Release of endothelial activation markers in lungs of patients with malaria-associated acute respiratory distress syndrome
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Malaria-associated acute respiratory distress syndrome (MA-ARDS) is an understudied complication of malaria and is characterized by pulmonary inflammation and disruption of the alveolar-capillary membrane. Its pathogenesis remains poorly understood. Since endothelial activation plays an important role in other malarial complications, the expression of two endothelial activation markers, von Willebrand factor (VWF) and angiopoietin-2 (ANG-2), was investigated in the lungs of patients with MA-ARDS.
Post-mortem lung sections of Plasmodium falciparum-infected patients without alveolar oedema (NA), P. falciparum-infected patients with alveolar oedema (MA-ARDS), and uninfected people who died accidentally with no pathological changes to the lungs (CON) were immunohistochemically stained for VWF and ANG-2, and were evaluated with semi-quantitative analysis.
Alveolar oedematous VWF and ANG-2 and intravascular VWF staining were significantly increased in patients with MA-ARDS versus infected and uninfected control groups. The levels of VWF in the alveolar septa and endothelial lining of large blood vessels of patients with MA-ARDS was significantly decreased compared to controls. ANG-2 expression was increased in the alveolar septa of malaria patients without alveolar oedema versus control patients, while ANG-2+ leukocytes were increased in the alveoli in both infected patient groups.
This study documents a high level of VWF and ANG-2, two endothelial activation markers in the oedematous alveoli of post-mortem lung sections of Thai patients with MA-ARDS. Decreased detection of VWF in the endothelial lining of blood vessels, in parallel with an increased presence of intravascular VWF staining suggests marked endothelial activation and Weibel–Palade body release in the lungs of patients with MA-ARDS.
KeywordsMA-ARDS Plasmodium falciparum Endothelial activation VWF ANG-2 Lungs Oedema von Willebrand factor Angiopoietin-2 Lung pathology
A Disintegrin and Metalloproteinase with a Thrombospondin type 1 motif, member 13
infected red blood cell
malaria-associated acute respiratory distress syndrome
no alveolar oedema
von Willebrand factor
The World Health Organization (WHO) malaria report described 219 million clinical cases and 435,000 deaths in 2017 . Despite the availability of efficient anti-malarial treatment, transmission and severe disease of the Plasmodium parasite still occurs in 91 countries in sub-Saharan Africa, South-East Asia and South America . A malaria infection can be asymptomatic or develop into mild disease, but a significant number of patients develop lethal complications. An understudied complication is malaria-associated acute respiratory distress syndrome (MA-ARDS). MA-ARDS may occur upon a Plasmodium falciparum or Plasmodium vivax infection. MA-ARDS is also one of the most prevalent complications in Plasmodium knowlesi-infected patients [2, 3, 4]. This lung complication mainly occurs in adults without pre-existing semi-immunity (e.g. travellers and residents of low transmission areas). MA-ARDS has a poor prognosis and leads to a lethality rate of up to 80%, despite anti-malarial treatment. In fact, MA-ARDS has been described to emerge at hospital admission and during anti-malarial treatment . MA-ARDS is characterized by disruption of the alveolar-capillary membrane, which results into alveolar oedema and leads to a decreased gas exchange and hypoxaemia. Patients also present excessive inflammation, microhemorrhages and leukocyte extravasation in the lungs. Currently, the only available remedy is mechanical ventilation.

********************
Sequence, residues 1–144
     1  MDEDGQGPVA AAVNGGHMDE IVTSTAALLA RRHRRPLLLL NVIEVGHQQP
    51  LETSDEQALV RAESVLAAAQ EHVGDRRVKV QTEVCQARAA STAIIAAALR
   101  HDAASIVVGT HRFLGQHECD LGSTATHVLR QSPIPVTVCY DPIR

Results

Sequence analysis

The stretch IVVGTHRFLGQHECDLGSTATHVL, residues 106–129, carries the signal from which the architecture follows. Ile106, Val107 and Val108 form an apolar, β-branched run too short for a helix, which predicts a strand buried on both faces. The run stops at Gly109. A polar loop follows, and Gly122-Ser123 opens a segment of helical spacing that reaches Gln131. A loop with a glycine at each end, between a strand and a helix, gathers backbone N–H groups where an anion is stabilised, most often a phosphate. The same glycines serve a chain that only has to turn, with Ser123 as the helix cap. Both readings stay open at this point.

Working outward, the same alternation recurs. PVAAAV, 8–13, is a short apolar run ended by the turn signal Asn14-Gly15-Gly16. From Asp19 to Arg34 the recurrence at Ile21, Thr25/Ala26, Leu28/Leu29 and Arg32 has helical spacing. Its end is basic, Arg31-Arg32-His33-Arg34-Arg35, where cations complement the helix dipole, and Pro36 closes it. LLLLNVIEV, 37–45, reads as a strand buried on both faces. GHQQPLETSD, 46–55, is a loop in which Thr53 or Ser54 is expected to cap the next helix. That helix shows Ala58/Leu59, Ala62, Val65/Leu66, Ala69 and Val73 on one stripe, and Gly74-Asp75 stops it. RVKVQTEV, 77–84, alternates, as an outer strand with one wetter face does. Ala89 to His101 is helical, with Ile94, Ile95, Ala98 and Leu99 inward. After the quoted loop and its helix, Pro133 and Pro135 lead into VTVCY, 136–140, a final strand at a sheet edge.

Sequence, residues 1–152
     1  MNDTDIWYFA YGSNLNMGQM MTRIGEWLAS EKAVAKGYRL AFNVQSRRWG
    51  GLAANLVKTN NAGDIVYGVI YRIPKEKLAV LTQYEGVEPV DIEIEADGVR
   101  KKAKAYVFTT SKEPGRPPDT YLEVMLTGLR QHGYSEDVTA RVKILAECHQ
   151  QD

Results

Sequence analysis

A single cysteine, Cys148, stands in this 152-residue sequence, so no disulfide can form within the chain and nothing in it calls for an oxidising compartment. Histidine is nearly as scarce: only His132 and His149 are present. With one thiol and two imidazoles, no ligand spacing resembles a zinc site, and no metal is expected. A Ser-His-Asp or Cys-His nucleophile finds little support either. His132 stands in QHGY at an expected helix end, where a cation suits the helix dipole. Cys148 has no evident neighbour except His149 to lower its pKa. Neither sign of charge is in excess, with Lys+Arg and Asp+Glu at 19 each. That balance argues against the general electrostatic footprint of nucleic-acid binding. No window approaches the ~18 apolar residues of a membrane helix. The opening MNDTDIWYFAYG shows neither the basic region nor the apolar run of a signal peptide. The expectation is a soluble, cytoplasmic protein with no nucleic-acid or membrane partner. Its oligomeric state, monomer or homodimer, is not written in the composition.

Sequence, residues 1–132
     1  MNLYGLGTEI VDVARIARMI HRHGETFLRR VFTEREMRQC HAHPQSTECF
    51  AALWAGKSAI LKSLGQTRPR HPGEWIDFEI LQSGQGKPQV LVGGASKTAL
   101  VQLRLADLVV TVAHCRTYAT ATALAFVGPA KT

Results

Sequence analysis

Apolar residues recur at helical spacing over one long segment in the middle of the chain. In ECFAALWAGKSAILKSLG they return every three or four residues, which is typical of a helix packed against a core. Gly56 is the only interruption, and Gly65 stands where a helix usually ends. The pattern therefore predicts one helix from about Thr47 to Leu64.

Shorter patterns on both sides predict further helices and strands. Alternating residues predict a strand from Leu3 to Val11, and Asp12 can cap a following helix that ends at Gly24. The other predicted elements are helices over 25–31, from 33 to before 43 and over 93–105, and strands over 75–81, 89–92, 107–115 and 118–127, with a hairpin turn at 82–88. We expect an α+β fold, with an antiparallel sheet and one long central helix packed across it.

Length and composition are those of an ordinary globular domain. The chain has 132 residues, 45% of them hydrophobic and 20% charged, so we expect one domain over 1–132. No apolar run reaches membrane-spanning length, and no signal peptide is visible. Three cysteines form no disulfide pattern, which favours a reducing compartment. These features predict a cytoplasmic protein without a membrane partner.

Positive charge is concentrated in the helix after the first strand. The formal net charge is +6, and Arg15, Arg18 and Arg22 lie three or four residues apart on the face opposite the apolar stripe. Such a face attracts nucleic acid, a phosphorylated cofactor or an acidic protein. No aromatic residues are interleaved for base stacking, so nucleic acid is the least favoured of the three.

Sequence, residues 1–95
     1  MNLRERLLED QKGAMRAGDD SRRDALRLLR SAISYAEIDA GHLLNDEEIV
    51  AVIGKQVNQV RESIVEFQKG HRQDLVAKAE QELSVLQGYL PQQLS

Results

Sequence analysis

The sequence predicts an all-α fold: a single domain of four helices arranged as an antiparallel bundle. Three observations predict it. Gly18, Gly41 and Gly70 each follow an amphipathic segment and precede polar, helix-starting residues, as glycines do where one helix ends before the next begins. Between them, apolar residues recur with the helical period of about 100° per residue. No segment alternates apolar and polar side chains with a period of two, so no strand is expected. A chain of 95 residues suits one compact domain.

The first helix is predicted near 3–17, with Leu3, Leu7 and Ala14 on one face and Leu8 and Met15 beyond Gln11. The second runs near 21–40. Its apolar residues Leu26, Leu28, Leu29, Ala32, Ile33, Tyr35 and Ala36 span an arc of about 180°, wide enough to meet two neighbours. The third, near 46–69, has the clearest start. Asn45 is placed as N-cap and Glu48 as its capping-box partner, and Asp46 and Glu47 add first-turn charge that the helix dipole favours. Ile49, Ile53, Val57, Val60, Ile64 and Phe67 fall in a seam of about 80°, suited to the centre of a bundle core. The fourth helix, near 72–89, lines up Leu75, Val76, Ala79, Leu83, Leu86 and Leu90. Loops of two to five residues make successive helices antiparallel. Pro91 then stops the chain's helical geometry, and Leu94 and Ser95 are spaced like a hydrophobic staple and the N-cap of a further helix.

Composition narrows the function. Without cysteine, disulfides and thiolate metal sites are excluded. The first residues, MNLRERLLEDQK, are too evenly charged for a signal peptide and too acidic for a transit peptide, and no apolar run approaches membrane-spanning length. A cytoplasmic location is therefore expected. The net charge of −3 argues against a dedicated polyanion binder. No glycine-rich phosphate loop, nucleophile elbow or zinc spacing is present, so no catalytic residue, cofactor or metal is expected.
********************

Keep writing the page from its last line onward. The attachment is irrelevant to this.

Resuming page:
Endothelial activation plays an important role in severe malaria. During a Plasmodium infection, the vascular endothelium becomes activated through several pathogenic factors, such as sequestration, inflammatory cytokines and parasite constituents [5, 6, 7]. As a result, the endothelium immediately releases the contents of its Weibel–Palade bodies and induces upregulation of inflammatory molecules, which can further aggravate the disease. Biomarkers for endothelial activation, such as von Willebrand factor (VWF) and angiopoietin-2 (ANG-2), have been associated with disease severity and mortality in Plasmodium infections [8, 9, 10, 11].
VWF is a multimeric glycoprotein that plays an important role in haemostasis, and is synthesized in endothelial cells (ECs) and megakaryocytes [12, 13, 14]. In ECs, VWF multimers are stored in Weibel–Palade bodies from which they are released into the circulation upon endothelial activation. After release, VWF multimers can stay anchored onto the endothelial lining, forming platelet-decorated VWF strings. Interestingly, VWF strings have been proposed to facilitate parasite sequestration, which can induce further inflammation and endothelial activation . VWF-adhering platelets can for example bind to infected red blood cells (iRBCs) and bridge iRBCs to the endothelium, which may aid the parasite to evade splenic clearance [16, 17].